So here was our Disney Princess Jedi group for this mini con: Tinkerbell, Anna, Ariel, and Elsa. I’m hoping that we can convince more people to join us next year for a group cosplay! It was a lot of fun and the kids especially enjoyed a very enthusiastic reception.

I also took the opportunity at the con to have one of my fave local artists, Emily Griggs of Sweet Ingenuity, do sketches of my girls in their costumes. I almost invariably buy something at her booth at every con I see her at, since her art is so much fun! I was really glad she was taking commissions at this con and had the time to draw my kids. I gotta say, they couldn’t have been more thrilled to see themselves in cartoon form. This art will take pride of place on my wall.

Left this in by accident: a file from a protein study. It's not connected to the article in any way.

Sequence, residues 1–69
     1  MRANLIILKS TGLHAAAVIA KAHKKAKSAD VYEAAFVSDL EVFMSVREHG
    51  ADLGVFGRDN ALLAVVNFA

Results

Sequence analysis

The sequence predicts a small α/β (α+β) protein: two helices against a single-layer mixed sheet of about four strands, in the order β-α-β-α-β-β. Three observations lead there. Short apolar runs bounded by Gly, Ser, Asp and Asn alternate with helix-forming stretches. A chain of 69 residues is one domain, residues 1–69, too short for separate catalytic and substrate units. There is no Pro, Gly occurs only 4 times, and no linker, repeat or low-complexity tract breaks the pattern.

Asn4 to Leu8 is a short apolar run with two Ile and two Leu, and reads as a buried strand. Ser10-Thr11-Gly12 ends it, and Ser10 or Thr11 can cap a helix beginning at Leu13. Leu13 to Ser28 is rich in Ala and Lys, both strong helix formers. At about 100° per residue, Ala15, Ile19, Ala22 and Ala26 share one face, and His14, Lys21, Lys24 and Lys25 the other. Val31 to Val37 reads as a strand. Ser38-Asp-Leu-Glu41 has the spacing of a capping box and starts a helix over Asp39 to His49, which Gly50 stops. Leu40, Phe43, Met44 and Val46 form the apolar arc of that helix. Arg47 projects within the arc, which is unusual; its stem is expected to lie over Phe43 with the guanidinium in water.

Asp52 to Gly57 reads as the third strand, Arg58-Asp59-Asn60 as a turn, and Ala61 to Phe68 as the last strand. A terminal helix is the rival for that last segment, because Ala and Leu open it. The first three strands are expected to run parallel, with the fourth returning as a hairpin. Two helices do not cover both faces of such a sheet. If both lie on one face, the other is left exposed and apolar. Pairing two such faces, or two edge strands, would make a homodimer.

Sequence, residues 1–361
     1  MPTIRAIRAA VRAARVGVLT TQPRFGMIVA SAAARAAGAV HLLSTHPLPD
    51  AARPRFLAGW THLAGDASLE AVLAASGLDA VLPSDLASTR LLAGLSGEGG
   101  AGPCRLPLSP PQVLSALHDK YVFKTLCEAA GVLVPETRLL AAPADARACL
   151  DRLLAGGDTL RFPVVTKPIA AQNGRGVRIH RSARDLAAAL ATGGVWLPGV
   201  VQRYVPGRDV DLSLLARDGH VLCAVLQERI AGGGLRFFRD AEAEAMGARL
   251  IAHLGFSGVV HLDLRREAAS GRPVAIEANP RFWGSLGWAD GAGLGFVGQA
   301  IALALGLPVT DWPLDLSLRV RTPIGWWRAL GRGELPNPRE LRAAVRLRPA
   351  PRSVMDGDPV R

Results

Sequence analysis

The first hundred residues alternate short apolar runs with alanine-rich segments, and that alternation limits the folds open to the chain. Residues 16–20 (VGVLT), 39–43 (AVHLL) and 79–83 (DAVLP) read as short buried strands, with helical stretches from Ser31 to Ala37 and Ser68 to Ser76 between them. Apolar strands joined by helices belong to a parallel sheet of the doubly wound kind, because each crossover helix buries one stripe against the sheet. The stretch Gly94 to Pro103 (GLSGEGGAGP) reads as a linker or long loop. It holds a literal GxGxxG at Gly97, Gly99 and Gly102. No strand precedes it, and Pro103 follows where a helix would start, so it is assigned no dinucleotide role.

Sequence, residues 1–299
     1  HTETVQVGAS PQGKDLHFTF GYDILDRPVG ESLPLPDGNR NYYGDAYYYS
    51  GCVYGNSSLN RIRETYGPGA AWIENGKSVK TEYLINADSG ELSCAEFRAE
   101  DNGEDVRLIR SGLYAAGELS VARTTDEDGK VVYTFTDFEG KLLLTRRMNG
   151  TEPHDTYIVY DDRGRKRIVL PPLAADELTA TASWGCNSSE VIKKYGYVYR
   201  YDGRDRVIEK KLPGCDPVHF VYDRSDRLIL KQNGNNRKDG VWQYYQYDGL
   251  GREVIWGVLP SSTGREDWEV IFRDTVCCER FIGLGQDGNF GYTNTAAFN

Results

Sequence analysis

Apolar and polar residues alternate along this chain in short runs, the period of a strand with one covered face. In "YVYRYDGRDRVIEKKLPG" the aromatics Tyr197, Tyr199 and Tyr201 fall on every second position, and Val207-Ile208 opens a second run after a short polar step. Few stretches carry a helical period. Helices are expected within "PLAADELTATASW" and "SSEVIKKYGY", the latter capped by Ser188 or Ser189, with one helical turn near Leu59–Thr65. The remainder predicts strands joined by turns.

My only regret about this con is that we forgot to go and get pictures outside in the snow! Oh well, we’ll just have to schedule a photo shoot sometime.

Family Sushi Night

One thing we share as a family is that every single one of us loves sushi. However, we do differ as to which one is our favourite — the best bribe ever to use on Thing 1 is salmon nigiri, while Thing 2 is a big fan of a California roll or any maki with shrimp tempura in it, my husband prefers hand rolls (temaki), while I actually like sashimi (just the fish/seafood), possibly with a bowl of rice on the side to fill me up.

That being said, I don’t know why it didn’t occur to me before now to make sushi at home. I used to do it all the time in high school and as a young adult; I actually hosted a few dinner parties where we all rolled our own sushi. However, it is very time consuming for one person to make a family’s worth, and I guess I just set it aside until I thought the kids were old enough to help me out. But the kids are both old enough now to assemble their own soft tacos or burritos, and sushi uses many of roughly the same techniques, so I thought it was time to give it a go.